The system of **142**, **144** and **146**, connected in series. Each of the modified butterfly modules includes an interleaving memory for receiving the output of the previous stage and for permuting the received output into the order required for the associated modified butterfly unit. In the embodiment of _{I}, **154**, BF2_{II } **158** and BF2_{III } **162** are used to perform the final three FFT stages. These three modified butterfly modules are optionally preceded by a series of general butterfly modules **148** and a butterfly unit **150** that receives the input sequence. One skilled in the art will appreciate that preceding the modified butterfly modules by other butterfly modules allows for longer length FFTs to be computed. Interleaver memory units **156**, **160**, **164** and **168** are also included in the butterfly modules **141**, **144**, **146** and **148** respectively. The interleaver memory units are named using the nomenclature I_{rxn }where r is the radix of the interleaver (in this example, 2) and n is the number of values interleaved in a single operation. Note that n may take a value between 2 in the first stage's interleaver and N in the last stage's interleaver. The actual memory requirements for the memory interleaver stage is n/2. Larger FFTs simply have additional BF2n butterflies and memory interleaver units (each requiring twice as much storage as the previous interleaver). For the purpose of this disclosure, the data acquisition rate is assumed to be one sample per cycle. It will be obvious to one skilled in the art that the invention is neither limited to one sample per cycle, nor to radix-2 implementations.

The modifications of BF2_{I}, **154**, BF2_{II } **158** and BF2_{III } **162** are largely motivated by an analysis of the butterfly operations performed by these modules. In an R2SDP FFT processor the final stage butterfly, BF2_{I } **154**, can be implemented without a multiplier, as

for k=0 devolves to

The complex inputs are of the form r_{in }(k) +ji_{in }(k), where the sample k is in the interval 0≦k<N, and are provided to the butterfly unit serially at a rate of one sample per cycle. Thus, the samples r_{in}(i)+ji_{in}(i) and r_{in}(i+1)+ji_{in}(i+1) are separated by one clock cycle. Though these samples may be generated by a previous butterfly module with a greater distance between them, the interleaver memory **156** provides them to butterfly unit **154** in adjacent time slots. Thus, an implementation of butterfly unit **154** requires four registers-(two registers per input, allowing storage of the real and imaginary components of a sample) and two adder units. An exemplary implementation of butterfly unit **154** is provided in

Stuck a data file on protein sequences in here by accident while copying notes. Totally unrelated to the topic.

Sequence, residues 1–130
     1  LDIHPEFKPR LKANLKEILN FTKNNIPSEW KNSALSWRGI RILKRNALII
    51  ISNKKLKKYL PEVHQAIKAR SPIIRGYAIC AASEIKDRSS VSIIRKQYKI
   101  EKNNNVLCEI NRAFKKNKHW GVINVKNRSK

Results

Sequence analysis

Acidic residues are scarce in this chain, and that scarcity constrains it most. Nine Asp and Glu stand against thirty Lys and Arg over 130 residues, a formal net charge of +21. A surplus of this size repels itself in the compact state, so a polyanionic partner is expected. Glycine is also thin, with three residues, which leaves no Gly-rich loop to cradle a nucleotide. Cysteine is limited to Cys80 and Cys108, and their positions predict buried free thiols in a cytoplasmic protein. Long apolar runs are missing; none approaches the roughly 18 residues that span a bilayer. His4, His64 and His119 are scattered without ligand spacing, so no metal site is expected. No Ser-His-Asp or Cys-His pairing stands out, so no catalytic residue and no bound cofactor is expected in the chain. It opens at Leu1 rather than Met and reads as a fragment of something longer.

In the first clock cycle, registers R**0** **170** and R**1** **174** receive the real and imaginary components of the i^{th }sample respectively. In the next clock cycle, registers R**2** **172** and R**4** **176** receive the real and imaginary components of the i^{th}+1 sample respectively. In the same clock cycle, adder A**0** **178** sums the contents of register R**0** **170** and the real component of the i^{th}+1 sample while adder A**1** **180** sums the contents of register R**1** **174** and the imaginary component of the i^{th}+1 sample. The adders **178** and **180**, taken in combination, are used to provide the sum of the complex inputs, shown as A=a+b in **136**. In the third clock cycle adder A**0** **178** takes the difference between the contents of registers R**0** **170** and R**2** **172**, while Adder A**1** **180** takes the difference between the contents of registers R**1** **174** and R**3** **176**. In this clock cycle, the adders **178** and **180**, are used to provide the difference between the complex inputs, shown as B=W_{k}(a−b) in **138** and multiplier **140**, as W_{k}=1 as described above. As this is being done, all registers **170**, **172**, **174** and **176** are emptied, and the i^{th}+2 sample arrives for storage in registers R**0** **170** and R**1** **174**. One skilled in the art will appreciate that because two input samples are received in 2 clock cycles the butterfly operation preferably provides the output of the butterfly operation on the two samples in 2 clock cycles to maintain timing and data flow. The adder units A**0** **178** and A**1** **180** are 100% utilized and the butterfly internal registers **170**, **172**, **174**, and **176** are 75% utilized. Though it is possible to further pipeline the modified butterfly, it is not essential, as the unit is far removed from the critical path of the overall FFT processor illustrated in